Emily Barton's Brookland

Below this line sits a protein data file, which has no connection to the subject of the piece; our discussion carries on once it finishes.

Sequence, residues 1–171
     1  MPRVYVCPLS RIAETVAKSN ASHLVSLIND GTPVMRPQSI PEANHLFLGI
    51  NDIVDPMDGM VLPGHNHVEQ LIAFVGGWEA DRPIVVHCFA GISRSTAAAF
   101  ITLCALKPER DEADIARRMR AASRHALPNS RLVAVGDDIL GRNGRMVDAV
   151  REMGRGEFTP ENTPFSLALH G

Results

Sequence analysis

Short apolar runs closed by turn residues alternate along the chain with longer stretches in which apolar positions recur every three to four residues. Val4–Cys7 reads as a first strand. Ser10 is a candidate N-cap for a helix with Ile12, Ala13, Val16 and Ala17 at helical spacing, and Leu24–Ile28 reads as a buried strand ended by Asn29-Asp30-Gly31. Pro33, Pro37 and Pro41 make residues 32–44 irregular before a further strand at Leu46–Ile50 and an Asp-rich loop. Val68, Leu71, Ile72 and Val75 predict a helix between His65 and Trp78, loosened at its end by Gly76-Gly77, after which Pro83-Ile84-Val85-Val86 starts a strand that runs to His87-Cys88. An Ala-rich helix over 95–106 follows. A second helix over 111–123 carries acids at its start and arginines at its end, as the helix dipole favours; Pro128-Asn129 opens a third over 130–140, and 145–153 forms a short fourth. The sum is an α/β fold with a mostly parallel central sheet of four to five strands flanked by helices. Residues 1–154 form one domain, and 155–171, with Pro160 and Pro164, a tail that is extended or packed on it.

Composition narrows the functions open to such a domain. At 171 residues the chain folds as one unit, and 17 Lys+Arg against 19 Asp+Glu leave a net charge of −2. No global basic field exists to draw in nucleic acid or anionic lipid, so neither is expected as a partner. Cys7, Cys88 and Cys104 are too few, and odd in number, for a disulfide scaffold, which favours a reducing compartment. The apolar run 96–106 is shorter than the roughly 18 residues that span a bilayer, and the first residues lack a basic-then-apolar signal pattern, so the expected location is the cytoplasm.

I take back when I said earlier about being immersed in a good book; once again, I've disliked a critically acclaimed and much-blogged-about novel. It started off strong--it takes place in Brooklyn in the late 1700s, and primarily revolves around the eldest of three sisters who ends up taking over their father's gin distillery. Around halfway through the book, I was still seeing it as an A- kind of affair--there were some minor discontinuities, a slightly annoying main character, and way too much about how a distillery works, but the story and the half-narrative, half-epistolary premise were working for me--but then it really got bogged down as the protagonist decides to build a bridge across the East River to Manhattan. Maybe civil engineers will like this more than I did, but I definitely did not need to read so fricking much about the mechanics of bridge-building. Also, the end becomes entirely too overwrought. Like, way too stupidly melodramatic. I imagine this will end up on a few best-of-the-year lists--along with that horrid book by Ali Smith, The Accidental--but I am giving it a C.